In this report, use of curcumin after burns and scalds were found to reduce the severity of the injury, lessen pain and inflammation, and improve healing with less than expected scarring, or even no scarring, of the affected skin. Dr. Heng reports her experience using curcumin gel on such injuries using three examples of patients treated after burns and scalds, and provides a detailed explanation why topical curcumin may work on such injuries.

Curcumin is an ingredient found in the common spice turmeric. Turmeric has been used as a spice for centuries in many Eastern countries and gives well known dishes, such as curry, their typical yellow-gold color. The spice has also been used for cosmetic and medical purposes for just as long in these countries.

In recent years, the medicinal value of curcumin has been the subject of intense scientific studies, with publication numbering in the thousands, looking into the possible beneficial effects of this natural product on many kinds of affliction in humans.

This study published reports that topical curcumin gel applied soon after mild to moderate burns and scalds appears to be remarkably effective in relieving symptoms and improved healing of the affected skin.

“When taken by mouth, curcumin is very poorly absorbed into the body, and may not work as well,” notes Dr. Heng. “Nonetheless, our tests have shown that when the substance is used in a topical gel, the effect is notable.”

The author of the study believes that the effectiveness of curcumin gel on the skin – or topical curcumin – is related to its potent anti-inflammatory activity. Based on studies that she has done both in the laboratory and in patients over 25 years, the key to curcumin’s effectiveness on burns and scalds is that it is a natural inhibitor of an enzyme called phosphorylase kinase.

This enzyme in humans has many important functions, including its involvement in wound healing. Wound healing is the vital process that enables healing of tissues after injury. The process goes through a sequence of acute and chronic inflammatory events, during which there is redness, swelling, pain and then healing, often with scarring in the case of burns and scalds of the skin. The sequence is started by the release of phosphorylase kinase about 5 mins after injury, which activates over 200 genes that are involved in wound healing.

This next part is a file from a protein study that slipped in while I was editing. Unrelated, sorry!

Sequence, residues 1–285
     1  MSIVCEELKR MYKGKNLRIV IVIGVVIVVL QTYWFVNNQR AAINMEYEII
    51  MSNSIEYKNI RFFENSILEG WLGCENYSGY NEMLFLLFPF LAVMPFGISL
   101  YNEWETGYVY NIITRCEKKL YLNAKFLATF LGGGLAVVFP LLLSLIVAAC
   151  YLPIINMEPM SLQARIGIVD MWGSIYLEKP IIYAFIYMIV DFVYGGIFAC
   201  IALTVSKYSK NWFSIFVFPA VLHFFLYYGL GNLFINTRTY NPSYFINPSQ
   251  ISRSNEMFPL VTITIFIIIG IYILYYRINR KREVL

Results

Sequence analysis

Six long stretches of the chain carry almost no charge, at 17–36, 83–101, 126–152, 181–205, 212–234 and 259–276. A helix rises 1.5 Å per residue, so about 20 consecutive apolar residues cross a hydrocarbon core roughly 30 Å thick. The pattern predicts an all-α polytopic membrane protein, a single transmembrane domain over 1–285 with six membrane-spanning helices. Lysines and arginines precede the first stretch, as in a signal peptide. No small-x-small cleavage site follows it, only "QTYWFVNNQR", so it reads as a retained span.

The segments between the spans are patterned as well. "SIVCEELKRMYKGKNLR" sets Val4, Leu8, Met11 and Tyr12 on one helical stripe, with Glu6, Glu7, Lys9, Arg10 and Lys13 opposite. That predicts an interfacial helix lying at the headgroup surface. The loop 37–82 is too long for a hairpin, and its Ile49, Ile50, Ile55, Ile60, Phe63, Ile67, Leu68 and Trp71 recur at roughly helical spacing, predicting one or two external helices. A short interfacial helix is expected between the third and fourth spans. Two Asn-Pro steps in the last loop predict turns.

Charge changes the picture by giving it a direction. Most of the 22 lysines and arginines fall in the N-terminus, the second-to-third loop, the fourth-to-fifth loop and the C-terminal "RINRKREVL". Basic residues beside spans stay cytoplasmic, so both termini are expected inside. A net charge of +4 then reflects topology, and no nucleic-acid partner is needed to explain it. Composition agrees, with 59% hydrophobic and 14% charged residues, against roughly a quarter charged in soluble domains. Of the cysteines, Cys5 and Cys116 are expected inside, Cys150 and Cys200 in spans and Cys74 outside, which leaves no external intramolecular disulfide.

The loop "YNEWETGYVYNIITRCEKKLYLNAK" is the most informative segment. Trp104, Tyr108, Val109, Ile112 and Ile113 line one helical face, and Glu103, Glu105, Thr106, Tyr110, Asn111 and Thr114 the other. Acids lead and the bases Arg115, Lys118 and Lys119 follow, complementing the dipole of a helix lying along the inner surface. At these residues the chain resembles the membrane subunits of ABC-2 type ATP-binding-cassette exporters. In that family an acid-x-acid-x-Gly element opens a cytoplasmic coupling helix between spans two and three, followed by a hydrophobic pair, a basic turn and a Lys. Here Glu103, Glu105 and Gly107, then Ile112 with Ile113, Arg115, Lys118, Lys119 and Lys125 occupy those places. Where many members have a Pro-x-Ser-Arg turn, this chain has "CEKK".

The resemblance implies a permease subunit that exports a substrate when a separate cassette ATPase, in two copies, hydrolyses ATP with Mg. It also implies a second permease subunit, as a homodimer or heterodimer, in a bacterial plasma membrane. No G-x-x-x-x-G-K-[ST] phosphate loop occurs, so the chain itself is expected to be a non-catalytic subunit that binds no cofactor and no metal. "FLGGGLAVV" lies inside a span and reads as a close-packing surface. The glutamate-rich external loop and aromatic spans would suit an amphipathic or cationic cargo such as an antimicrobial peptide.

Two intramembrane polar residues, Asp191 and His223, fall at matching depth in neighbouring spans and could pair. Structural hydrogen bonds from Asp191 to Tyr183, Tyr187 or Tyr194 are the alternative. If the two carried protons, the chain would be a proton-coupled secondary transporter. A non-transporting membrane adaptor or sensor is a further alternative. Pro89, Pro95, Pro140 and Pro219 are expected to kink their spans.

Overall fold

Dr. Heng uses curcumin gel for burns, scalds and other skin conditions as complementary treatment, in addition to standard treatment usually recommended for such conditions.

Caption: These are results from 5 days upon application of curcumin gel to burns, and results after 6 weeks. Credit: Dr. Madalene Heng

Here’s a link to and a citation for the paper,

Phosphorylase Kinase Inhibition Therapy in Burns and Scalds by Madalene Heng. BioDiscovery 20: e11207 (24 Feb 2017) https://doi.org/10.3897/biodiscovery.20.e1120

This paper is in an open access journal.

Arbro Pharmaceuticals and its bioavailable curcumin

Curcumin (a constituent of the spice turmeric) is reputed to have health benefits and has been used in traditional medicine in Asia (notably India) for millenia. Recently scientists have been trying to render curcumin more effective which means increasing its bioavailability (my Nov. 7, 2014 posting features some of that research). According to an April 29, 2016 Arbro Pharmaceuticals press release, the goal of increased bioavailability has been reached and a product is now available commercially,

Arbro Pharmaceuticals has launched SNEC30, a patented highly bioavailable self-nanoemulsifying curcumin formulation in the dosage of 30mg.

Curcumin is the active ingredient of turmeric or haldi, which has been widely used in traditional medicine and home remedies in India for hundreds of years.